Asia fund managers mull Ucits and Sicav structures, says Apex

The fund-services provider says smaller firms may find fund platforms such as its own are a good way to get started.

In light of the uncertainty over Europe’s alternative investment fund manager (AIFM) directive, fund-services companies are increasingly touting their wares to Asia-based asset managers that market funds to European investors.

One such provider is Bermuda-headquartered Apex Fund Services. Having launched three Ucits and/or Sicav SIF-compliant platforms last year, the fund administrator hopes to sign up as many as five Asian fund managers following its first round of marketing. Indeed, one or two are likely to be on board by the end of 2010, says Anthony D’Silva, managing director of Apex, who splits his time between Hong Kong and Shanghai.

Last week, the company carried out its first roadshow across the region, spending two days in Hong Kong and one in each of Malaysia, Singapore and Thailand. Speaking to some 40 managers, Apex found that Hong Kong firms using long/short, event-driven or macro strategies tend to find the Ucits structure suits them best, says D’Silva. Meanwhile, sharia-compliant Sicav structure are more appealing for Malaysia-based managers, he adds.

Certain Asian managers, such as Singapore's Fullerton Fund Management and Hong Kong-based Galaxy Asset Management, are already using the Ucits structure.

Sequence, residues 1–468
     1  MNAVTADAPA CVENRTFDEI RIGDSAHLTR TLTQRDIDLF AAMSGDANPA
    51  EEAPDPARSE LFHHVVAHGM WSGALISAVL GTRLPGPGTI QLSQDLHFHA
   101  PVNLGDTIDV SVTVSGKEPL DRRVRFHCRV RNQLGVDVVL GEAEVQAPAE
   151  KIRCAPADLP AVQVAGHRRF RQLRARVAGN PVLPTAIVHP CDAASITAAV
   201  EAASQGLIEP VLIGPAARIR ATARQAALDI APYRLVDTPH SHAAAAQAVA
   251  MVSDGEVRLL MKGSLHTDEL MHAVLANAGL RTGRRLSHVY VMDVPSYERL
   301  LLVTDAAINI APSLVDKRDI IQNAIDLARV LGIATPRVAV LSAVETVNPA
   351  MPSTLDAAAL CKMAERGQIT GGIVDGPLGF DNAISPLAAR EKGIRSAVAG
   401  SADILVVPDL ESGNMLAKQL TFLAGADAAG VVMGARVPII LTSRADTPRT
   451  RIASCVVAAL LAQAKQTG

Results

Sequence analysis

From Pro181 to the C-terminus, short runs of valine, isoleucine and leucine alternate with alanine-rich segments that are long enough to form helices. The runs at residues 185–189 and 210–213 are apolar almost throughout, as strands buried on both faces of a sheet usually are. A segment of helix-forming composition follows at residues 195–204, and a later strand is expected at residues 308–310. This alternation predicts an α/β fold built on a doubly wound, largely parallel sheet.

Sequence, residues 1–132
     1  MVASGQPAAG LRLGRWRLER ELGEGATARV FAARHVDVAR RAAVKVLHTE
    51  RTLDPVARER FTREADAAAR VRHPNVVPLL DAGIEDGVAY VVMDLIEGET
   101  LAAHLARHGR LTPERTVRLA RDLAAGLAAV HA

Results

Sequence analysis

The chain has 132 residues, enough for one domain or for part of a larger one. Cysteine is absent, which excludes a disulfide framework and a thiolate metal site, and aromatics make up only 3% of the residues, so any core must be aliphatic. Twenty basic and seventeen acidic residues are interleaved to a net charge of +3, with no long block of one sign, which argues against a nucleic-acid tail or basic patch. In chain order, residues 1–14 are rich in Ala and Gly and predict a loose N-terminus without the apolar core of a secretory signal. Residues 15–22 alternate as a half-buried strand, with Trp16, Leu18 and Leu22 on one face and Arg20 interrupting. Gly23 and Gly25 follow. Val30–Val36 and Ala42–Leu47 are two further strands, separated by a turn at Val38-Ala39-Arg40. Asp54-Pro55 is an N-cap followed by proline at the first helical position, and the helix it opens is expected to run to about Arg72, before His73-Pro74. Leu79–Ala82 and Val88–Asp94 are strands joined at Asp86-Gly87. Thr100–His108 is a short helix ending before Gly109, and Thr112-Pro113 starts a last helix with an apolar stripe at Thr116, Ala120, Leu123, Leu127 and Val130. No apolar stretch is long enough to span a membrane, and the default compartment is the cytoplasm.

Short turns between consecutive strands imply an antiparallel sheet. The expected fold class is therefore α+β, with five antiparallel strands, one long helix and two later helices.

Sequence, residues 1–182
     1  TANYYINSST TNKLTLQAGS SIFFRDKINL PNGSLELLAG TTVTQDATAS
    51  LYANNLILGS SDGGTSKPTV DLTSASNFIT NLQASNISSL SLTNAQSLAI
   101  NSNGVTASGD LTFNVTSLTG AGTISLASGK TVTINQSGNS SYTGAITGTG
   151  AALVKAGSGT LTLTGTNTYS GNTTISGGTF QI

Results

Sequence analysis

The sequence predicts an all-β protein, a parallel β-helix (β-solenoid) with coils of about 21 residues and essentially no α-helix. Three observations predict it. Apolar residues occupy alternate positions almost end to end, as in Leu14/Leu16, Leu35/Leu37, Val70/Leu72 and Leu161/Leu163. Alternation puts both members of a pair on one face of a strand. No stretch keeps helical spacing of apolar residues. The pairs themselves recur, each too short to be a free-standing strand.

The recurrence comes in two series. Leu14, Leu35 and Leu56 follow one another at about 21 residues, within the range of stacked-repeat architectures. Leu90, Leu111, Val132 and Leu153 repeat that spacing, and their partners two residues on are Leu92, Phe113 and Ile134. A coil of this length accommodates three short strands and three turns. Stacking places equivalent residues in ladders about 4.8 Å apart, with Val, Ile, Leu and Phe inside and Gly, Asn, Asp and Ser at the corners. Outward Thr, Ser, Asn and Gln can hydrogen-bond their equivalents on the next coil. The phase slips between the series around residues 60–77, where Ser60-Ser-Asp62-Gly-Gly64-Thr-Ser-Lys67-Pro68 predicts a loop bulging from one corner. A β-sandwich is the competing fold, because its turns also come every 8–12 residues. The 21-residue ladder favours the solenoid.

For Asia-based firms, the Apex platforms will allow them to launch Luxembourg funds with lower fees and have the administration work done locally by Apex in Hong Kong, Singapore or China, with Apex Luxembourg reviewing and doing the necessary regulatory filings. Apex is the fund administrator across the three platforms.

D’Silva says he expects the Apex platform to attract small to mid-size managers, which can then break off and set up their own structure once they hit, say, €50 million in assets. There are no lock-up or exit fees imposed, he adds.

“The platform’s management fees are 25 basis points per annum, so based on even a €30 million fund, that would give you enough capital [€75,000] to set up your own structure,” he says. He adds the caveat that one also has to factor in the cost of setting up a Luxembourg management company. 

Setting up a stand-alone SIF or Ucits structure in Luxembourg will cost around €50,000, he says, but Apex can get a fund set up for significantly less than that.

The firm launched three platforms in June -- the Global Managers (Ucits Sicavs); LFP Prime, (Sicav SIF (non-Ucits)); and ASEP (Sicav SIF) platforms -- and has partnered with three asset managers based in London and Luxembourg. Casa4Funds is the manager for the Global Managers platform, Luxembourg Fund Partners for LFP Prime, and Amiri Capital for the sharia-compliant Sicav SIF platform.

Apex also launched the first non-bank fund-administration service in China last year.

Having a Ucits structure will open doors whatever happens with the AIFM directive, says d’Silva, because it “ticks a lot of compliance and due-diligence boxes” with regard to institutional investors in the EU. (In the worst-case scenario, the AIFM directive would prevent the marketing of non-EU-domiciled funds, such as Caymans, Bermuda and British Virgin Islands vehicles.)

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